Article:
Past Events

The City Circle is an open circle for open minds

Can Islam and Humanism be reconciled? The future of faith in Britain

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Date: Friday 1 February 2019

Time: 18:45 for a 19:00 start. Ending at 20:30

Venue: Abrar House, 45 Crawford Place, Marylebone, London W1H 4LP

Speakers: Dr Shabbir Akhtar and Dr Usaama al-Azami

Chair: Iqbal Nasim

Modern Britain is a plural society. Around one in 20 of us – and one in eight Londoners – identifies as a Muslim, including some who have converted to Islam. At the same time, around half the population no longer identifies with any religion, and over one in five has a broadly humanist worldview (whether or not they call themselves humanists). Most humanists are atheists, including some ex-Muslims. And there’s plenty of diversity on all sides.

What is the future of faith in Britain? Yes, unbelief and belief are “irreconcilable”. But does that make every form of Islam and Humanism or, more importantly, people who are Muslims and humanists/atheists, irreconcilable enemies? Looking beyond the simple belief/unbelief divide, where are there fundamental differences? Where is there common ground? What can Muslims and atheists do to help make our plural society work better?

This event is in association with National Zakat Foundation.

Speakers

Dr Shabbir Akhtar

Shabbir Akhtar is a leading Muslim philosopher who was trained at Cambridge University. He has published widely on pluralism and race relations and on Islam and Christianity’s differing confrontations with the threat of a common secular modernity. His books include The Light in the Enlightenment (Cassell, 1990) and his well-known Be Careful with Muhammad! (Bellew, 1989), by now a classic critique of Salman Rushdie. Dr Akhtar has also written: The Quran and the Secular Mind (London: Routledge, 2007), and Islam as Political Religion (Routledge, 2010). He has also published three volumes of poetry in English. In 2018, he published the first volume of his three volume commentary on the Greek New Testament (Routledge, 2018), the first such work in Islamic history. He is now at Regent’s Park College, a Member of the Faculty of Theology and Religions at Oxford University, having previously taught in Malaysia and America.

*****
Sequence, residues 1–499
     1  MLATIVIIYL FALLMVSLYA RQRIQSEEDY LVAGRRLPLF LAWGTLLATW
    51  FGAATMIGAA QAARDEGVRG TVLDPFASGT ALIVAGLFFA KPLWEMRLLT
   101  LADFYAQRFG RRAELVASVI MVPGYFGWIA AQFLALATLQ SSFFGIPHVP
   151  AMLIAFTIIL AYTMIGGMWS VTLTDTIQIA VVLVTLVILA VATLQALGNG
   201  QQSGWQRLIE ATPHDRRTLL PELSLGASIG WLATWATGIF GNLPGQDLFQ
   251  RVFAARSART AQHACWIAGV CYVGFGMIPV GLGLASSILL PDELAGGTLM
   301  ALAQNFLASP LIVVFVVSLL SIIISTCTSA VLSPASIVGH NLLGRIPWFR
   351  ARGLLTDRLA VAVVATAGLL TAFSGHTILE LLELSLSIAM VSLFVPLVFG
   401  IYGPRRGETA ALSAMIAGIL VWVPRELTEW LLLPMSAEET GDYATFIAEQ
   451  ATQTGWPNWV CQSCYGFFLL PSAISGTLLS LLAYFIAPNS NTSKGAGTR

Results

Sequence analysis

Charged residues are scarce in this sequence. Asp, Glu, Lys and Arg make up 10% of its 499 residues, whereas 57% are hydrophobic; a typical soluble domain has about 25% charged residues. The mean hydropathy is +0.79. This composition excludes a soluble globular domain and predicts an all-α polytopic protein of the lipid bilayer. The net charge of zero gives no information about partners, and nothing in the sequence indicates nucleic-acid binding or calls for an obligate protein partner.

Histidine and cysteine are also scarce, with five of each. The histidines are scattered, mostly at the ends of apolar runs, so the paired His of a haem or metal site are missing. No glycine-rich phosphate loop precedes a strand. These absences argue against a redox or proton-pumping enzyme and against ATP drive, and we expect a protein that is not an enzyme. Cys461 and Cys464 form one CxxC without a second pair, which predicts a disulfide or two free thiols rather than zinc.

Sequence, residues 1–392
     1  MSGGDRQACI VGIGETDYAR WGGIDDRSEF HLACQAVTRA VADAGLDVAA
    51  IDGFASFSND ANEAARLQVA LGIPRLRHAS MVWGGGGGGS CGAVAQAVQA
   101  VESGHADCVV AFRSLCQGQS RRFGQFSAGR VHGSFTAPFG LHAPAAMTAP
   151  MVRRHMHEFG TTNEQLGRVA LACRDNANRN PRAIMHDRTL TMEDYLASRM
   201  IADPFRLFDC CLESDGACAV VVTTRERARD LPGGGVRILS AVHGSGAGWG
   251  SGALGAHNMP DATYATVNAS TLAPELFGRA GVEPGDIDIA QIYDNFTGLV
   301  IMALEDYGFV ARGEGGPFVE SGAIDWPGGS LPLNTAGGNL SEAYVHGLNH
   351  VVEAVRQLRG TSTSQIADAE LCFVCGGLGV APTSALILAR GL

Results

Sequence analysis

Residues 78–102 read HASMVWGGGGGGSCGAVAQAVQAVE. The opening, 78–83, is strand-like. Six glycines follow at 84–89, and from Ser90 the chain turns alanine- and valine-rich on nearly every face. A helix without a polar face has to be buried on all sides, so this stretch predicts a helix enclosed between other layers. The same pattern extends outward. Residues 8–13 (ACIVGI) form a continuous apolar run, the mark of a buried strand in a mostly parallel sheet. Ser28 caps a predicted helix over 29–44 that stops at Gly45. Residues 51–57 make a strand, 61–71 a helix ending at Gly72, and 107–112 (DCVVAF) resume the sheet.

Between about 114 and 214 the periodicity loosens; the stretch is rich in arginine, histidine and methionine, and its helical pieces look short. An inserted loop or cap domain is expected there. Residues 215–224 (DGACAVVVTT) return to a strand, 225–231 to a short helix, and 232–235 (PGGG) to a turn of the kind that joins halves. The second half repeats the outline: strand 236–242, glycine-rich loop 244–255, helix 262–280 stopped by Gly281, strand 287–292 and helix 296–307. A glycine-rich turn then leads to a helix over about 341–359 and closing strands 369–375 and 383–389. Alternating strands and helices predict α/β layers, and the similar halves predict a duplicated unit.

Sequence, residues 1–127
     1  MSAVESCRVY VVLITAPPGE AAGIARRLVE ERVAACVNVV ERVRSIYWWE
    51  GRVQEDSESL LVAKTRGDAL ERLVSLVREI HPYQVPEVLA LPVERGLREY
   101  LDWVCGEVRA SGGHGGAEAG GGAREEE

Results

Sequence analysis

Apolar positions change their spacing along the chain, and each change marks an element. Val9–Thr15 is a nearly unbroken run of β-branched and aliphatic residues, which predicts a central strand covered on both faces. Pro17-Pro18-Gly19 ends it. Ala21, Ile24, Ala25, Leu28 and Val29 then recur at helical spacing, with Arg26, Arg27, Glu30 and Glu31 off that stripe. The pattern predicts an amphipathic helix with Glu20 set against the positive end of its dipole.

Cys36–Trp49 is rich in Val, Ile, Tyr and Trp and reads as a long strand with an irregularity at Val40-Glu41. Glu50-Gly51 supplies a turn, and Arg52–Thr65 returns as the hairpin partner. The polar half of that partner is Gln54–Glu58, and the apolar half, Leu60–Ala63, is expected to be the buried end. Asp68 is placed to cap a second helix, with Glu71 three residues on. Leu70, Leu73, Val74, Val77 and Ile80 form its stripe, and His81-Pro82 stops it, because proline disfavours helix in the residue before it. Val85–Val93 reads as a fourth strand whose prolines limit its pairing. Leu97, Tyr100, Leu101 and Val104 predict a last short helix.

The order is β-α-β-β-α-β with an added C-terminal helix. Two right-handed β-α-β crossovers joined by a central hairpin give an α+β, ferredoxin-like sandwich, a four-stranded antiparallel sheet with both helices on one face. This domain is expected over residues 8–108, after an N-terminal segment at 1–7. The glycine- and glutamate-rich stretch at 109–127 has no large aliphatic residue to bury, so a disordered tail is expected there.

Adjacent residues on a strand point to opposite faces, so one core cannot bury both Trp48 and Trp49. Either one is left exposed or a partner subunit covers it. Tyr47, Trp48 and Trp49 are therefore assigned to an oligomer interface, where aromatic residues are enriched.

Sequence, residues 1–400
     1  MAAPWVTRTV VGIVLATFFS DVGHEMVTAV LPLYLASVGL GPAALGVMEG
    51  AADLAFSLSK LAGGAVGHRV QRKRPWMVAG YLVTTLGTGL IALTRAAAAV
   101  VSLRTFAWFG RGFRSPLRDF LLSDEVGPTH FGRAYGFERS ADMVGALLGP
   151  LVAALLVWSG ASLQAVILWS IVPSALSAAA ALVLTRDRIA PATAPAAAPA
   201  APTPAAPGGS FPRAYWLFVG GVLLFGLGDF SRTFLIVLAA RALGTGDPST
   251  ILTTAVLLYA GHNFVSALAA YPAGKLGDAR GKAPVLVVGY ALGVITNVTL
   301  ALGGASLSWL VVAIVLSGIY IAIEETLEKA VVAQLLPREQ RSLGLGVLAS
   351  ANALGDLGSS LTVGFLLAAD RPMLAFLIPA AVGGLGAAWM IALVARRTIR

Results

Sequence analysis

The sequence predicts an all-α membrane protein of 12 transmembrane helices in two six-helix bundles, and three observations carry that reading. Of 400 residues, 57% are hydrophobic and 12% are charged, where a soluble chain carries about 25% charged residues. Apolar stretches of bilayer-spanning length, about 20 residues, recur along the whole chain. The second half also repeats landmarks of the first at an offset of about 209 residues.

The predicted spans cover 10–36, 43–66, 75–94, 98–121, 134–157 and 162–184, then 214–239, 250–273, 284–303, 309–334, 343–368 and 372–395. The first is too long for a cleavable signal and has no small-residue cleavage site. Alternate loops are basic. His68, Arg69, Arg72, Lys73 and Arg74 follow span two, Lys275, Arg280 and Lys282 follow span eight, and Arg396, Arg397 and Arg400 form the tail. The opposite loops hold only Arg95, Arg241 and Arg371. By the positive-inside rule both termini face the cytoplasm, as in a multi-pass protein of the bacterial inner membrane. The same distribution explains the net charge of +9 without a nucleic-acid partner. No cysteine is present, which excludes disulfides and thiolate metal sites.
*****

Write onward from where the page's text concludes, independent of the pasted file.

Dr Usaama al-Azami

Usaama al-Azami is a British academic and a lecturer in Islamic Studies. He read his BA in Arabic and Islamic Studies at Oxford University, and his MA and PhD in modern Islamic political thought at Princeton University. He has also studied with Muslim scholars and theologians in seminarial contexts in the Middle East and Europe.

 

Chair: Iqbal Nasim  @iqbal_nasim

Iqbal Nasim is Chief Executive of National Zakat Foundation, the UK’s only Zakat institution with an exclusively domestic focus. Prior to joining NZF in 2011, Iqbal worked for over five years in the investment banking industry as an equity research analyst in London. He holds an MA in Economics and Management from Cambridge University, where he was President of the Islamic Society, and an MSc in Voluntary Sector Management from Cass Business School. 
 

Additional details

Free entrance. All welcome. Prayer space available. Street parking free from 18:30. Doors open at 18:45 and the talk begins at 19:00. If you have any questions, please contact the event organiser sameera@thecitycircle.com.

Image credit: Wikimedia